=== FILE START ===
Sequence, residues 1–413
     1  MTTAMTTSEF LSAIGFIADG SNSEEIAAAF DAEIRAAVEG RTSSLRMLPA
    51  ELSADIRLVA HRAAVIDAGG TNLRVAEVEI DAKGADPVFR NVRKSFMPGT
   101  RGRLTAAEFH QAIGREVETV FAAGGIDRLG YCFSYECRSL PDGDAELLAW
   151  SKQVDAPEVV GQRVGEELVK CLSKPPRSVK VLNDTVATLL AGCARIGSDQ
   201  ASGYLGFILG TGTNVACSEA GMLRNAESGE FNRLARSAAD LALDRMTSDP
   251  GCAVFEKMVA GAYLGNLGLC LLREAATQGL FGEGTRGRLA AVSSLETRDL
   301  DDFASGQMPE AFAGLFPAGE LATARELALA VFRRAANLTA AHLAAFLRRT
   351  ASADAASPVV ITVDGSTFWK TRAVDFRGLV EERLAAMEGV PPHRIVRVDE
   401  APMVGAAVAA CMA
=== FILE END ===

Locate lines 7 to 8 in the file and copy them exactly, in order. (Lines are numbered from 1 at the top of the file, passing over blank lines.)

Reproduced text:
   251  GCAVFEKMVA GAYLGNLGLC LLREAATQGL FGEGTRGRLA AVSSLETRDL
   301  DDFASGQMPE AFAGLFPAGE LATARELALA VFRRAANLTA AHLAAFLRRT